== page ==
How we can make Nigeria work better - Atiku

How we can make Nigeria work better - Atiku

- Atiku Abubakar has called for a change in Nigeria's current structure

- The former vice president said federating units need to be given more power

- He also called for a reform of the country's electoral structure

Former vice president, Atiku Abubakar, has said that the current structure of the country is not working and advocated for a restructuring for a better nation.

Premium Times reports that Atiku spoke at an event to mark his conferment as “the Hero of Nigeria Democracy” organized by the Hall of Grace Magazine in Lagos.

The All Progressives Congress chieftain called for restructuring of power that will see the federation units have more powers concentrated on them.

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He said: “It will encourage states to compete to attract investment and skilled workers rather than merely waiting for monthly revenue allocations from Abuja.”

“This will also include the establishment of state police for the states that so desire so as to improve security. We must be open to changing the nature of the federating units such as using the existing geo-political zones as federating units rather than the current 36, of which only a few are financially viable.

“Political decentralization must be accompanied by economic diversification. We need to diversify our economy away from the dependence on oil. We need to create opportunities for our people to engage in diverse economic activities which governments will then tax for revenues.

“But we can’t do that efficiently and effectively without accurate data. I have in the past called for an end to the self-defeating politics we play with census in the country. With all the data gathering and analytic tools in existence in the 21st century we have no good reason not to have accurate data on our people, down to the smallest unit, the individual.

“Without data we cannot plan properly and all of us will lose, including those who try to inflate their population figures and those who want to suppress those of others.”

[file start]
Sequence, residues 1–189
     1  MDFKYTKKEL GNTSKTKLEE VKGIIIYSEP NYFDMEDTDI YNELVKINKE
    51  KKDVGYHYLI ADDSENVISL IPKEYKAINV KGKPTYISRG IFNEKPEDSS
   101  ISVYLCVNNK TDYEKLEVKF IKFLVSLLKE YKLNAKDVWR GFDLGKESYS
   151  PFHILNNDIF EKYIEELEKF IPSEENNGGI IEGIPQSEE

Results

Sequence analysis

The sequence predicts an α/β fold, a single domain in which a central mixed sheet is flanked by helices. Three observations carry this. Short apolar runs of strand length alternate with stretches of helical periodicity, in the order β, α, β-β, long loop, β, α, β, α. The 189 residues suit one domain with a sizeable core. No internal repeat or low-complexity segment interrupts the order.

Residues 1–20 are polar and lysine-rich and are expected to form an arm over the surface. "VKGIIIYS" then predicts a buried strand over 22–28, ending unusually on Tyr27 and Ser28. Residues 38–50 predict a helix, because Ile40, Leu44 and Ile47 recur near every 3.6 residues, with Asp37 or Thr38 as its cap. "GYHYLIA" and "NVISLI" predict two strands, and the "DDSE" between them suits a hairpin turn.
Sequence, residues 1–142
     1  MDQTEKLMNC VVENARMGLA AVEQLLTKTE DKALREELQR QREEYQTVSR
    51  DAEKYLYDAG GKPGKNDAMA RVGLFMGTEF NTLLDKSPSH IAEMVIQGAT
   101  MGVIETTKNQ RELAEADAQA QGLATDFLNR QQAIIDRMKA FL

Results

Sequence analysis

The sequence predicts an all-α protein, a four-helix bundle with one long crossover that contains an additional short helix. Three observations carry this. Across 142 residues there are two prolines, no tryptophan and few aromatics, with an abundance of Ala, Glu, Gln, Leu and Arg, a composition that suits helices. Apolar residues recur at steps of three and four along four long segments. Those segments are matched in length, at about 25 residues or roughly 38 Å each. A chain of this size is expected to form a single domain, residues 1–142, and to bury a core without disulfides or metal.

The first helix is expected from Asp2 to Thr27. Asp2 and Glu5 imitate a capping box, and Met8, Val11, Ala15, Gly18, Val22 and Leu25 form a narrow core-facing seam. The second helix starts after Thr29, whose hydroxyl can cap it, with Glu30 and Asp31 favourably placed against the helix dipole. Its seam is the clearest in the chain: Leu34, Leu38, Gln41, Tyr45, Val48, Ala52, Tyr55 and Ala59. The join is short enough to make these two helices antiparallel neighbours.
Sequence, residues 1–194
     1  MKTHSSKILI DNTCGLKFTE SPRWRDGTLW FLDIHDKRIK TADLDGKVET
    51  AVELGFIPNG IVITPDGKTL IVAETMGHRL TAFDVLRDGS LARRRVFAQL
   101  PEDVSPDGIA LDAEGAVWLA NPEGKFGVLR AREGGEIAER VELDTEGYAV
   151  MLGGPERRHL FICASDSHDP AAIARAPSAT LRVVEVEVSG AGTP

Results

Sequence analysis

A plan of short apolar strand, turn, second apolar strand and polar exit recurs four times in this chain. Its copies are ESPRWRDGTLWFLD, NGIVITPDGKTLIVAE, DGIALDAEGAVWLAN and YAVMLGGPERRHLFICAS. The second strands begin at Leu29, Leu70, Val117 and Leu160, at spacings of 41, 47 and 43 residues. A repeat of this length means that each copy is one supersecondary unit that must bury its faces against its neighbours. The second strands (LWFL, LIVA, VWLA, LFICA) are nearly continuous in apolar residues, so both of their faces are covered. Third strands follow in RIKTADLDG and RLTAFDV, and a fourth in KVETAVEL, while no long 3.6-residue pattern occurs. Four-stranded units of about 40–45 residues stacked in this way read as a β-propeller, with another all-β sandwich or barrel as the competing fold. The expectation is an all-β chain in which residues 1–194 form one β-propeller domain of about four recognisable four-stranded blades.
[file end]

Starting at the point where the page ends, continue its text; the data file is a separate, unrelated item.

Atiku spoke about the country’s dependence on oil saying it would not make the country better.

“There is a saying that if you want to get out of a hole you dug yourself in you first stop digging.

“So we need to stop our slide towards economic and political precipice. And one way to build a Nigeria that works is to identify what our people want and what they think our priorities should be. The next step is to assess whether the policies and strategies we currently pursue will adequately address those, and if not, in what ways they might be better addressed.

“When you talk to ordinary Nigerians as I do regularly what they profess to be at the top of their priority list include the provision of and access to high quality education and training; infrastructure such as power, roads, railways and ports; security; employment and job creation; and accountability and reduced corruption.

“They also call for a reorientation of values, which, I think, will come mainly from the change of behaviour by leaders. A Nigeria that works would be one that effectively and efficiently meets these needs.”

Atiku also spoke about Nigeria’s electoral structure saying it needs to undergo changes to make it more independent and transparent.

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He said: “For example, funding the electoral umpire from the first line charge in the Consolidated Revenue Fund is critical; transferring the power to appoint the chairman of the electoral umpire from the President to the National Judicial Council will help, as will efforts to curb the role of money and godfathers in our elections.

“I have also been arguing that the declared winner of an election should not be allowed to assume office until all legal challenges to that election have been resolved.

“We also need to reform the anti-corruption agencies to help depoliticize them and make them really independent. This will help to strengthen the fight against corruption, which is critical in renewing our people’s belief in the integrity of public institutions and pubic officials. Such a reform will require changes to how the agencies are funded, how their heads are appointed and who they report to.”

Meanwhile, the presidency officially responded to the recent call by BBOG co-covener, Aisha Yesufu, asking President Buhari to step aside due to his illness.

In an open letter to Yesufu posted on her Facebook page, the personal assistant to President Buhari on social media, Lauretta Onochie advised the social activist to step aside.

According to Onochie, Yesufu is painting BBOG in a bad light and needs to get seek help and get busy with other things.

Femi Fani-Kayode in an exclusive interview with revealed what President Muhammadu Buhari told him when they met


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